In this lyrical and novelistic speculative history, Hartman... reconstructs the lives of unknown black female urban rebels from the early 20th century, everyday women whose existences are hinted at by court records, social workers’ notes, and photographs and who she heralds as “radical thinkers who tirelessly imagined other ways to live.” The photos (taken between 1890 and 1935) inspired the book, and each chapter is anchored by one, around which is woven a vignette about the inner experience of the woman depicted, sometimes zooming out to encompass whole parties or streets or neighborhoods, sometimes intersecting with historical figures of note... This passionate, poetic retrieval of women from the footnotes of history is a superb literary achievement. (Publishers Weekly)

The Haunting of Hill House by Shirley Jackson

Published in 1959, Jackson’s resulting novel has defined the haunted house story ever since. Stephen King, in his history of the horror genre, Danse Macabre, said The Haunting of Hill House is – along with Henry James’s The Turn of the Screw – one of “the only two great novels of the supernatural in the last hundred years”, while Ramsey Campbell called it “the greatest of all haunted house novels, and arguably the greatest novel of the supernatural... I know of no other writer in the field who conveys paranoia and spectral dread with more delicacy than she. Who else could terrify with the sight of a picnic on a lawn?” he said. “Like the best of Lovecraft and Machen, her work is a peak we lesser writers try to climb.” (The Guardian)

Bunny by Mona Awad

Samantha Heather Mackey is the single outsider among her fiction cohort at Warren University, which is populated by Bunnies. “We call them Bunnies,” she explains, “because that is what they call each other.” The Bunnies are uniform in their Bunniness: rich and hyperfeminine and aggressively childlike, fawning over each other... wearing kitten-printed dresses, frequenting a cafe where all the food is miniature, from the mini cupcakes to the mini sweet potato fries. Samantha is, by definition, not a Bunny. But then a note appears in her student mailbox, sinister and saccharine at once: an invitation to the Bunnies’ Smut Salon, one of their many Bunny customs from which Samantha has always been excluded... Wickedly sharp, if not altogether pleasant, it’s a near-perfect realization of a singular vision—and definitely not for everyone. (Kirkus Reviews)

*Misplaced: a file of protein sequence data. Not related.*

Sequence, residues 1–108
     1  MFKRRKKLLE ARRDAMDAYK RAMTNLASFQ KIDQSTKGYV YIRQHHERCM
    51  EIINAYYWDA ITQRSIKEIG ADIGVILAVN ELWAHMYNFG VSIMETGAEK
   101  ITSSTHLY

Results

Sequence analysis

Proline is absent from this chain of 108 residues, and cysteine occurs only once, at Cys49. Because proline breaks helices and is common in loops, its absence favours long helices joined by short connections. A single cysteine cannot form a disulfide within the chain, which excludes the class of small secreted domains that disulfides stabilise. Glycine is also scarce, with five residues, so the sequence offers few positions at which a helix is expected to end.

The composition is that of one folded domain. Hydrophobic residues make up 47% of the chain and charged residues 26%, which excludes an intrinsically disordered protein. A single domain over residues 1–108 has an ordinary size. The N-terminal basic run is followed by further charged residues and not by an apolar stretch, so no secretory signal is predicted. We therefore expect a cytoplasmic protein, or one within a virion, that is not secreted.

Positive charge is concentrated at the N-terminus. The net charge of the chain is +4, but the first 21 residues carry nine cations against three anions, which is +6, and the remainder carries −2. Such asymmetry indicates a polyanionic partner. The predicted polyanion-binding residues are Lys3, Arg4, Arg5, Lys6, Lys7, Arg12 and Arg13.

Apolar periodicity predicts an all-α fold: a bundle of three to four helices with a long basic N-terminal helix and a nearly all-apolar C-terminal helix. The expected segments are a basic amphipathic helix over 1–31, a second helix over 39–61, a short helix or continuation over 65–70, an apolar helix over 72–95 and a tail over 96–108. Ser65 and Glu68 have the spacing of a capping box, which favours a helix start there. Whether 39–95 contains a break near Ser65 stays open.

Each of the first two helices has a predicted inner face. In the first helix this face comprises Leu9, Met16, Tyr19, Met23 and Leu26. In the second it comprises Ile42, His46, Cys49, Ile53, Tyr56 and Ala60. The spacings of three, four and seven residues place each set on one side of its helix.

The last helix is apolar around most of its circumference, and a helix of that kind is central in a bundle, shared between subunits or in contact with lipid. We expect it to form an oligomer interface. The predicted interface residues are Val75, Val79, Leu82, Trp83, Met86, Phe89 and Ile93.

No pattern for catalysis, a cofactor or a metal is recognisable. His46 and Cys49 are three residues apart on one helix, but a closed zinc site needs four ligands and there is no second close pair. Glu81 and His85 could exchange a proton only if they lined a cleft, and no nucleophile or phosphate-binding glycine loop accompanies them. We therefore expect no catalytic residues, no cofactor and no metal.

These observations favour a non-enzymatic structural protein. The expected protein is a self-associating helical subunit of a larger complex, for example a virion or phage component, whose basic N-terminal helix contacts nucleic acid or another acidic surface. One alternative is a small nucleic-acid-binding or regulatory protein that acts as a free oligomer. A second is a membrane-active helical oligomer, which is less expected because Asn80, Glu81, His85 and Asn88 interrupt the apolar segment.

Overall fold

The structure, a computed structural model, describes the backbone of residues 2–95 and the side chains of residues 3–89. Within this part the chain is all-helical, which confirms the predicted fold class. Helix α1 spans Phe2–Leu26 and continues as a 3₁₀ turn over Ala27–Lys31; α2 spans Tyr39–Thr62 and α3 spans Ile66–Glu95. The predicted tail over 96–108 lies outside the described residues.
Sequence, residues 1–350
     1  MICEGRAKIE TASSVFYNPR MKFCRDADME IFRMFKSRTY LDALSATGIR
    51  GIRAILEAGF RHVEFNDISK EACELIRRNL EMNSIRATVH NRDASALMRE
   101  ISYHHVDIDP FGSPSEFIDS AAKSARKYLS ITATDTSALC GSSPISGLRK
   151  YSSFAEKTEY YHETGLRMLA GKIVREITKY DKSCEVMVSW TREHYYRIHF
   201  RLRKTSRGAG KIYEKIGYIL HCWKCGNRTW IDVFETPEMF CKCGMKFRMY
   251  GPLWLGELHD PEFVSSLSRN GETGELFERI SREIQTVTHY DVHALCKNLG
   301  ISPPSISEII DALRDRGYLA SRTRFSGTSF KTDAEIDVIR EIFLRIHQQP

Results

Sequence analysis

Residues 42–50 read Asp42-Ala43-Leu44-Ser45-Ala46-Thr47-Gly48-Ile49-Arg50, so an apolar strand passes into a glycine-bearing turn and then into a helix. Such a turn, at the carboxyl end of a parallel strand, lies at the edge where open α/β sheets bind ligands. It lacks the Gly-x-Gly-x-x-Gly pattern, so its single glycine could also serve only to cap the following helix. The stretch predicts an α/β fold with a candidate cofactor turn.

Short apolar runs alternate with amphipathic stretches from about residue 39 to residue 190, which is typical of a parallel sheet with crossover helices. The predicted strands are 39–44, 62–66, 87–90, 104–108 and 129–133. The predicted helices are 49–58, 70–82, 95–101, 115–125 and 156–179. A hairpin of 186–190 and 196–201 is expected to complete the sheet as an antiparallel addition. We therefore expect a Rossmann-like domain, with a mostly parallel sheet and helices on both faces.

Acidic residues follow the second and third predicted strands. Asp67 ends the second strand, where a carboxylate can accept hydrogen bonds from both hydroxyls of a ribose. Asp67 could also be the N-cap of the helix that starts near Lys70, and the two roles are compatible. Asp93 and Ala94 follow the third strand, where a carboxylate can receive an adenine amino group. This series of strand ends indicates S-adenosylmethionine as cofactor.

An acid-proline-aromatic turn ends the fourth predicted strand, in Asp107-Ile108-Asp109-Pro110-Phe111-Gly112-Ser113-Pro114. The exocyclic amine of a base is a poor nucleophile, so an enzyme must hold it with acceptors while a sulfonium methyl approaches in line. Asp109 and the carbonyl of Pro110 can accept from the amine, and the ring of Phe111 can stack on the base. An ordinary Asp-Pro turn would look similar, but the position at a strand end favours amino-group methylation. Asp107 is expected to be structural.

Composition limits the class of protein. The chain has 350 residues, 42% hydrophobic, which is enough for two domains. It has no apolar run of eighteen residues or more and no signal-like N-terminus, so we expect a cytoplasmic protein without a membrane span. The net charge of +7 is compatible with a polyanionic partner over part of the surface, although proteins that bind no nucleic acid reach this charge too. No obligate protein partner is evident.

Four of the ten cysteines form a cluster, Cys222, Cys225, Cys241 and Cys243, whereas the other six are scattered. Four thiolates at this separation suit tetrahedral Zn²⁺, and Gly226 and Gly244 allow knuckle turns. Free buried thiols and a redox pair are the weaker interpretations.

Brian Blomerth's Mycelium Wassonii by Brian Blomerth

Brian Blomerth first fused his singularly irreverent underground comix style with heavily-researched history in 2019’s Brian Blomerth’s Bicycle Day, a Technicolor retelling of the discovery of LSD. Now, the illustrator and graphic novelist continues his wild and woolly excursions into the history of mind expansion with Mycelium Wassonii, an account of the lives and trips of R. Gordon and Valentina Wasson, the pioneering scientist couple responsible for popularizing the use of psychedelic mushrooms. A globetrotting vision of hallucinatory science and religious mysticism with appearances by Life Magazine, the CIA, and the Buddha, Mycelium Wassonii is a visual history and a love story as only Blomerth’s Isograph pen can render it. 

Read Dangerously:the Subversive Power of Literature in Troubled Times by Azar Nafisi

“We need the truth that fiction offers us,” writes Nafisi in this stunning look at the power of reading. Written from November 2019 through June 2020 as a series of letters to her late father, Nafisi’s reflections grapple with literature’s ability to counter oppression—as she writes, “Fiction subverts the absolutist mindset by defending the right of every individual to exercise their independence of mind and of heart.” Nafisi’s prose is razor-sharp, and her analysis lands on a hopeful note: “I really believe that books might not save us from death, but they help us live.” This excellent collection provokes and inspires at every turn. (Publishers Weekly)

We welcome your respectful and on-topic comments and questions in this limited public forum. To find out more, please see Appropriate Use When Posting Content. Community-contributed content represents the views of the user, not those of Oakland Public Library